This is an eminently readable story with a main character that has survived the worst of human behaviour and retreated into herself. Lily Bard keeps herself isolated in the town of Shakespeare – never getting too close to any one and cleaning other people’s homes for money. When she stubbles onto a mysterious figure disposing of a body, she finds herself coming under scrutiny from the local police force...

For the most part this reads like a cosy mystery, with a main character going about their usual business but able to learn more about the murder and victim than the professionals. However, Lily Bard is different in that her past is horrific and traumatic and this impacts her whole life. Where she is living, what she does for a living, her spare time have all been shaped by her past even her self-imposed isolation have all been shaped by one event. This makes Shakespeare’s Landlord a strange beast in that it is a fluffy light story, but with some real bite. There is a certain aftertaste that stays with you...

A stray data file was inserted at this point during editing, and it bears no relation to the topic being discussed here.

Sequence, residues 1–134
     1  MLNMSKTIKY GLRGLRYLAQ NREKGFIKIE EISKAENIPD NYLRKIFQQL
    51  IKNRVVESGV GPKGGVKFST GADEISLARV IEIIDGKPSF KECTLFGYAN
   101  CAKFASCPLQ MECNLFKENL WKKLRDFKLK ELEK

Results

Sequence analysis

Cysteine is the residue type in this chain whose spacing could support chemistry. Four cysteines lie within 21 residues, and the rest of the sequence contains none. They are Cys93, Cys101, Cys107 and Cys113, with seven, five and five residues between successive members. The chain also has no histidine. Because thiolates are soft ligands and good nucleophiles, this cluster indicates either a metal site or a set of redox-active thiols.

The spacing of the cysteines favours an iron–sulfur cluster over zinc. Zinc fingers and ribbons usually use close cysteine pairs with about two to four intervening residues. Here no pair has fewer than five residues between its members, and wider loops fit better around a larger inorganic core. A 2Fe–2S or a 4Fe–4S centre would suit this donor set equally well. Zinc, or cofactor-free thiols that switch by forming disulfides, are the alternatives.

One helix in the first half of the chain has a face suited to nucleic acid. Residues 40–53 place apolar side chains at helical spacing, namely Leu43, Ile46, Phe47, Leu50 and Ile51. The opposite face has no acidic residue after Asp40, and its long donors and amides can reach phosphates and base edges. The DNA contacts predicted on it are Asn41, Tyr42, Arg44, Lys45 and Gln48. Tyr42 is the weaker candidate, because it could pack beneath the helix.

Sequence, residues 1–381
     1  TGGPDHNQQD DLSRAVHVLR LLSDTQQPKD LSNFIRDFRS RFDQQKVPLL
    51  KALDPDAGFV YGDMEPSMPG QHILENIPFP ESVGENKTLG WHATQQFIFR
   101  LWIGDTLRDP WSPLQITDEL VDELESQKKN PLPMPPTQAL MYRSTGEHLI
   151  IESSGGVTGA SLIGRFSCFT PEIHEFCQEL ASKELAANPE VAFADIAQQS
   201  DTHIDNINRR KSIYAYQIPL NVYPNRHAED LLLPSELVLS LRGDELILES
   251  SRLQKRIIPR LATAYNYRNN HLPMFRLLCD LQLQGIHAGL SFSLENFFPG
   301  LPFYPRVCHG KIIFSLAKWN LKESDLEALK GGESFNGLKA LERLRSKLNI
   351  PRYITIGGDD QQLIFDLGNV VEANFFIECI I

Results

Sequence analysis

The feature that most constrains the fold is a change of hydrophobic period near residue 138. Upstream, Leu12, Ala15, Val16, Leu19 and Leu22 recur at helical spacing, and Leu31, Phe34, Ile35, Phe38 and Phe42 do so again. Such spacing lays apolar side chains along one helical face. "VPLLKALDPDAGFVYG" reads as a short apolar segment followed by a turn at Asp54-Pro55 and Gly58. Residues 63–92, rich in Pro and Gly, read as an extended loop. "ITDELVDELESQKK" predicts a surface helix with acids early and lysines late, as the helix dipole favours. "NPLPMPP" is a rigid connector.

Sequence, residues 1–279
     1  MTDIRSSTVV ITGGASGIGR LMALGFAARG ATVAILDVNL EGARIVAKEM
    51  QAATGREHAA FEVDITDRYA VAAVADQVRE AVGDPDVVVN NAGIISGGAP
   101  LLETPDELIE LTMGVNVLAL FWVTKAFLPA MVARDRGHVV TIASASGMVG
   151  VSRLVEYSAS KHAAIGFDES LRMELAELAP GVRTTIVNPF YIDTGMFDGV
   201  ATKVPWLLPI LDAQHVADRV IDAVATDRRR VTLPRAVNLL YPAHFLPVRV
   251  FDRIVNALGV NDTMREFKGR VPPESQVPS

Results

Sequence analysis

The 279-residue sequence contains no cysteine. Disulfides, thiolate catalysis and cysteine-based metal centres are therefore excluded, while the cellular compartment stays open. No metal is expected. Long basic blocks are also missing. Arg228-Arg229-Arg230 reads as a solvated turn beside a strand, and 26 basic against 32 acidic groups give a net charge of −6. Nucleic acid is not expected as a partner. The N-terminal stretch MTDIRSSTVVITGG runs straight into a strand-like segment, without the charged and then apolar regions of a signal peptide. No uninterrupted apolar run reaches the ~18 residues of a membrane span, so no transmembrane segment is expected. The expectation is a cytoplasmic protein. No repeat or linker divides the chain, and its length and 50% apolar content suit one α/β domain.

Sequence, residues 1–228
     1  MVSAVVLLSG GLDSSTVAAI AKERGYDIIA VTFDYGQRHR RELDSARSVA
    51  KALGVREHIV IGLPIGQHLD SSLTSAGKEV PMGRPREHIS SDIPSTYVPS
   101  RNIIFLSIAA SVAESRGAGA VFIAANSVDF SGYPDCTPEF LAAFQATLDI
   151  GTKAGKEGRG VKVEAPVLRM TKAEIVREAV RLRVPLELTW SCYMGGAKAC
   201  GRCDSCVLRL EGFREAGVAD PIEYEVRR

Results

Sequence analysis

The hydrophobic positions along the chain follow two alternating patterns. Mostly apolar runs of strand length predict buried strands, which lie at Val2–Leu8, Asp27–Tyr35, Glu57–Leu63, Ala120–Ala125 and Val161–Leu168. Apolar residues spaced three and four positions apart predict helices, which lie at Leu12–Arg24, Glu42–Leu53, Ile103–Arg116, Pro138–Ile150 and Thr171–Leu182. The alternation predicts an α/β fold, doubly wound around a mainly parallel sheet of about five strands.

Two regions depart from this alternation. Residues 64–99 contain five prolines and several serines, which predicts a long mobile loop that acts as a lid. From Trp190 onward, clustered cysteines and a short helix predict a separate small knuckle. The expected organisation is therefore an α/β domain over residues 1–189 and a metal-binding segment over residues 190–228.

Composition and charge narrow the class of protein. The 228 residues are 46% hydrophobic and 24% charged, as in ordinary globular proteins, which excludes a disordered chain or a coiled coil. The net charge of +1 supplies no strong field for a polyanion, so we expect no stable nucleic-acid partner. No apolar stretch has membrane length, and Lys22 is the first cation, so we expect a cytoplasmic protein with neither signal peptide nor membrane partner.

Lily is a scarred woman but is trying her best and makes some genuine steps forward here and I’m glad I have the next books in this series to follow her journey. I hope she is able to mend herself and find some peace. Charlaine Harris’s writing is familiar to anyone who likes the Sookie Stackhouse series and is extremely easy to read with the pages turning fast. I managed to finish this admittedly slim volume in a day. It was an entertaining read.

Recommended for fans of Ellery Adams and Heather Blake. 7 out of 10  

Tuesday, 10 July 2012

Audiobook Review: Real Murders

Real Murders (Aurora Teagarden #1)

Written by Charlaine Harris

Read by Therese Plummer